by Robert A. Waters
In the broad scheme of things, the murders of James Cooper and James T. Kouzaris didn’t matter much—at least, not to America’s race hustlers. The unprovoked attack on two innocent Englishmen never made national headlines or caused politicians to quiver with outrage in front of the television cameras. The victims were white Brits, the killer African-American, so the narrative of bigoted whites preying on blacks didn’t fit.
On April 16, 2011, at 2:00 a.m., Cooper and Kouzaris left the Gator Bar in Sarasota, Florida. Falling-down drunk, they headed up the street, presumably to have breakfast at a nearby IHOP. The two friends missed a turnoff leading to the all-night restaurant and ended up in The Courts, a notorious, gang-infested housing project.
Sixteen-year-old Shawn Tyson spied Cooper and Kouzaris stumbling through the “hood” and decided to rob the “crackers.” He made a brief call to a friend, then crawled out his window carrying a .22-caliber pistol.
Tyson had a history of violence—just eight days before, he’d been arrested for shooting out the windows of a passing car. Released by mistake, the troubled teen now confronted the lost tourists.
According to court documents, Tyson demanded that Cooper and Kouzaris give him money. When they answered that they had none, he replied, “Since you ain’t got no money, I’ve got something for your ass.” As the tourists begged for their lives, Tyson opened fire. Four rounds hit Cooper—a wound to the chest proved fatal. Kouzaris, shot twice in the back, died on the grimy street.
Tyson bragged about the murders to several acquaintances. Ignoring the code of silence prevalent in many low-income neighborhoods, his friends quickly turned him in.
As he sat in jail awaiting trial, the suspect made incriminating remarks to his half-brother.
This partial transcript is from a phone call recorded by jail officials:
Brother: Yeah, I don't know what them crackers talkin’ about. S***, like. You was in the house, like.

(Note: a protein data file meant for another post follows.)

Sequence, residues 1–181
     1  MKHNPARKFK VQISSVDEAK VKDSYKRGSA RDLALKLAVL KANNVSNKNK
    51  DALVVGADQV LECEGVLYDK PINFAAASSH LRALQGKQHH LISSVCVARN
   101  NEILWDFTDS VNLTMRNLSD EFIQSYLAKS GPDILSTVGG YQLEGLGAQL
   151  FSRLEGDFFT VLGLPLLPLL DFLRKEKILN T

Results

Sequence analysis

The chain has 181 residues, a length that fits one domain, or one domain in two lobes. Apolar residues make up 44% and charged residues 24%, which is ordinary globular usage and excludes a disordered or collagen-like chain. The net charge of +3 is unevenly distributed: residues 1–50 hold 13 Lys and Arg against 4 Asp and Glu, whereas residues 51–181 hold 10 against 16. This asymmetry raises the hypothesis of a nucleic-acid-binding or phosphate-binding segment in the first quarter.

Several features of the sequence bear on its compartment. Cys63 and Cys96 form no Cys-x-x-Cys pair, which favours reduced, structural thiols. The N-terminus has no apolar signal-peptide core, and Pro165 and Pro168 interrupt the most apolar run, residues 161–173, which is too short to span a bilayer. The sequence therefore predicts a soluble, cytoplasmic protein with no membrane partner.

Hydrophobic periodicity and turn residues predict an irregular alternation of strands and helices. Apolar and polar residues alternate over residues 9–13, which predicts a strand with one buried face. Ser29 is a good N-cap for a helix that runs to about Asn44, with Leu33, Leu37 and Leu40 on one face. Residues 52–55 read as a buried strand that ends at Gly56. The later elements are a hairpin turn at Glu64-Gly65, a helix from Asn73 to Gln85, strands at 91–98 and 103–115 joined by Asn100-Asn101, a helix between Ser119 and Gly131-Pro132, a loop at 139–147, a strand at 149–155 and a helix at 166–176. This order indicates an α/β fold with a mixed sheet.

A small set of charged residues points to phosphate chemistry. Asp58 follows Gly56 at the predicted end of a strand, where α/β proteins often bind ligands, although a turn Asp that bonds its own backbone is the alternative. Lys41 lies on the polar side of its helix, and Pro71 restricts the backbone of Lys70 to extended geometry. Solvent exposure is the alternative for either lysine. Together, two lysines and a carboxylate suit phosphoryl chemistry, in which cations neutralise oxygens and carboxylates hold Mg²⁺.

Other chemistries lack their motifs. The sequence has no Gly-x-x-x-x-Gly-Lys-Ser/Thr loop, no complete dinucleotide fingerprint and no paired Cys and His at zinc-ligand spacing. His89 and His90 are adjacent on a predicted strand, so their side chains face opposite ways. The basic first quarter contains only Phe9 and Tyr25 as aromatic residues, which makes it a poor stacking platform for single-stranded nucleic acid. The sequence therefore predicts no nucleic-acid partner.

Tyson: I know... that’s what I keep on... these crackers talkin’ about that somebody say they seen me out there or some s***.
Brother: Them crackers trippin’, man.
Tyson: Hell yeah.
Brother: S***, you’re safe, though. You know what I'm sayin’ like? You ain’t got no guns or nothin. Like f*** them crackers talkin’ about.
Tyson: Only thing is, they found the bullets, though.
Tyson: They found the bullets.
Brother: Oh. Damn!
Tyson: That’s the only thing that’s gonna f*** me up.
In addition to the bullets, blood found on Tyson’s clothes matched the DNA of Cooper.
A jury quickly found the killer guilty, and a Florida judge sentenced him to life in prison. It was only because of his age that he didn’t receive the death penalty.
After the trial, friends and families of the victims criticized President Obama for a lack of sympathy. Paul Davies, a friend of the family, spoke to reporters: “We would like to publicly express our dissatisfaction at the lack of any public or private message of support or condolence from any American governing body or indeed, President Obama himself. [The father of James] Kouzaris has written to President Obama on three separate occasions and is yet to even receive the courtesy of a reply. It would perhaps appear that Mr. Obama sees no political value in facilitating such a request or that the lives of two British tourists are not worthy of ten minutes of his time.”
For the next few decades, Shawn Tyson can think of his bloody deeds while languishing behind prison walls.
Unfortunately, the Cooper and Kouzaris families will also have to think about those deeds.